You searched for: Content Type Book Remove constraint Content Type: Book Political Geography China Remove constraint Political Geography: China Publication Year within 10 Years Remove constraint Publication Year: within 10 Years Publication Year within 5 Years Remove constraint Publication Year: within 5 Years Topic Foreign Policy Remove constraint Topic: Foreign Policy
- Author: Amanda Paul, Ivano di Carlo, Elem Eyrice Tepeciklioğlu
- Publication Date: 11-2020
- Content Type: Book
- Institution: European Policy Centre
- Abstract: Any new Africa policy from the EU and US should take into account the growing influence of China, Russia and Turkey in the continent and aim to even the scales. To succeed, they must develop a new narrative on Africa and finally recognise it as a genuinely equal partner on the global stage. Africa is a dynamic and diverse continent going through fundamental economic, political and security changes. While the EU and the US remain important partners for Africa, they are no longer the only players in town. New – and not so new – actors have recognised Africa's potential and are trying to use it to their advantage. China, Russia and Turkey in particular, whose presence has broadly been welcomed by African nations, have all been steadily expanding their political and economic clout in the continent over the past few years. The EU and US must, therefore, adapt their policies and approaches to the new reality that is unfolding in Africa. To better understand China’s, Russia’s and Turkey’s objectives, the Friedrich-Ebert-Stiftung's (FES) EU Office in Brussels and the European Policy Centre (EPC) set out to conduct an in-depth analysis of the three countries' ties with Africa. The results of this research project, entitled “Eurasia goes to Africa”, are collected in this book. The authors take a closer look at China's, Russia's and Turkey's economic and political interests in the continent; their involvement in the security landscape; the effectiveness of their soft power tools, including in education, media, religion, and humanitarian and development aid; and how Africans judge their growing presence.
- Topic: Foreign Policy, Diplomacy, European Union, Economy, Soft Power
- Political Geography: Africa, Russia, China, Eurasia, Turkey, United States of America
- Author: Rudolf Furst, Alica Kizeková, David Kožíšek
- Publication Date: 12-2017
- Content Type: Book
- Institution: Institute of International Relations Prague
- Abstract: The Czech relations with the People’s Republic of China (PRC, hereinafter referred to as China) have again generated more interest than ties with other Asian nations in the Asia Pacific in 2017. A disagreement on the Czech-China agenda dominated the political and media debate, while more sophisticated discussions about the engagement with China were still missing. In contrast, the bilateral relations with the Republic of Korea (ROK) and Japan did not represent a polarising topic in the Czech public discourse and thus remained largely unpoliticised due to the lack of interest and indifference of the public regarding these relations. Otherwise, the Czech policies with other Asian states in selected regions revealed balanced attitudes with both proactive and reactive agendas in negotiating free trade agreements, or further promoting good relations and co-operation in trade, culture, health, environment, science, academia, tourism, human rights and/or defence.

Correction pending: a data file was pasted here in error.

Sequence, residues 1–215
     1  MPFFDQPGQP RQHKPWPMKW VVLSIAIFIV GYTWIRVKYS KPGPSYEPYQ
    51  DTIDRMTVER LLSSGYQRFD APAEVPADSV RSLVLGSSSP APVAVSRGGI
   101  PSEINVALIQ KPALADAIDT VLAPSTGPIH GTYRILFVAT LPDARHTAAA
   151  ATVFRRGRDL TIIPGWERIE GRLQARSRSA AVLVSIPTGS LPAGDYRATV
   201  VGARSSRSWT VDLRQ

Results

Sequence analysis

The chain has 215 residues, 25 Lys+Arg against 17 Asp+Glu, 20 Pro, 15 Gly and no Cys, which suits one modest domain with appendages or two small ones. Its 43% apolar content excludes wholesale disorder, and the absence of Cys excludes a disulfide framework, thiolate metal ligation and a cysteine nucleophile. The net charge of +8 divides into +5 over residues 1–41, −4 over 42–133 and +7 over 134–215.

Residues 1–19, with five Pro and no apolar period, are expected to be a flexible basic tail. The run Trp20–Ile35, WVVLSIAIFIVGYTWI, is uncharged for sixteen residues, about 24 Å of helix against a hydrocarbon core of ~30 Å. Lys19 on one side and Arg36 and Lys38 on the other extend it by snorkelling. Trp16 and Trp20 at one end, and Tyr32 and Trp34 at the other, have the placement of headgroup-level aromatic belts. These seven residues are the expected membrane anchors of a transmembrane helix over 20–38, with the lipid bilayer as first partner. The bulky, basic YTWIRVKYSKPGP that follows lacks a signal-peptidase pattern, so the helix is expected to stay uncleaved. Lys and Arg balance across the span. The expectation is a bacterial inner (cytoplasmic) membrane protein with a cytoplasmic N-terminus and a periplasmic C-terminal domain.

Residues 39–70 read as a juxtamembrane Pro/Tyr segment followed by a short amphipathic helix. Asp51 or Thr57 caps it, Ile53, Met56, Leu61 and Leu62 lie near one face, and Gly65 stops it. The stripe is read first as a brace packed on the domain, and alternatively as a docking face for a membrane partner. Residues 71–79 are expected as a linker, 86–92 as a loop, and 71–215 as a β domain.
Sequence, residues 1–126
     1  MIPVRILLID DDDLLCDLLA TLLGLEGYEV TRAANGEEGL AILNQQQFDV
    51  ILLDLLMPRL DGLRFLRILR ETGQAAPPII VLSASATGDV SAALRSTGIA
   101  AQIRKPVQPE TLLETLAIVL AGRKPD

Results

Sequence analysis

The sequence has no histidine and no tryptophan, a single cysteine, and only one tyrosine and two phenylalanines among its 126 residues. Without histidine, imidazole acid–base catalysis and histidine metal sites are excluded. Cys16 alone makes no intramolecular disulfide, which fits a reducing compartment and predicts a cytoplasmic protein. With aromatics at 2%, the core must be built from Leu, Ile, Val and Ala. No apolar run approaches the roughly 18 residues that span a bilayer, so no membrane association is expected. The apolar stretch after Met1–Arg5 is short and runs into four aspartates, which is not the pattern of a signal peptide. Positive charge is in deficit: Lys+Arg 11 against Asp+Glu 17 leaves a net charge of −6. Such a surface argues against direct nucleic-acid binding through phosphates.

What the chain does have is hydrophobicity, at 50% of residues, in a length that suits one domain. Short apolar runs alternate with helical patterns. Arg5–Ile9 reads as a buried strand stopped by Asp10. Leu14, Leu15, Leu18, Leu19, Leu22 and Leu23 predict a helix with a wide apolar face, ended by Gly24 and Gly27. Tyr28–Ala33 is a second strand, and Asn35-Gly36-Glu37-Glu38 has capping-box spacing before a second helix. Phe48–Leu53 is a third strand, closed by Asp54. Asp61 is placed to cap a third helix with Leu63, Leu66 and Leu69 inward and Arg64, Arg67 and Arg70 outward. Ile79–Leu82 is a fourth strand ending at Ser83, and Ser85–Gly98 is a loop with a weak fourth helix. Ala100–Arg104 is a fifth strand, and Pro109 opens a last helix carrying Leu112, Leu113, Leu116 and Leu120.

- Topic: International Relations, Foreign Policy, Bilateral Relations
- Political Geography: China, Asia, South Korea, Czech Republic, Asia-Pacific
- Author: Melissa Conley Tyler, John Robbins, Adrian March
- Publication Date: 07-2017
- Content Type: Book
- Institution: Australian Institute of International Affairs
- Abstract: he Australian Institute of International Affairs (AIIA) is pleased to present the second book in the Australian Ministers for Foreign Affairs series. In February 2013 the AIIA held a one-day forum to examine the achievements of Australia’s foreign ministers between 1960 and 1972. This forum and publication followed on from R.G Casey: Minister for External Affairs 1951-1960, and examined the next decade in Australian foreign policy. This newest volume brings together Australia’s most eminent academics and experts in international relations, former senior diplomats and government officials to explore the major issues that confronted the seven foreign ministers during the period of 1960-1972. The book has been edited by Melissa Conley Tyler, John Robbins and Adrian March.
- Topic: Foreign Policy, Cold War, Regional Cooperation, United Nations, International Affairs, Vietnam
- Political Geography: United States, China, Indonesia, Asia, Australia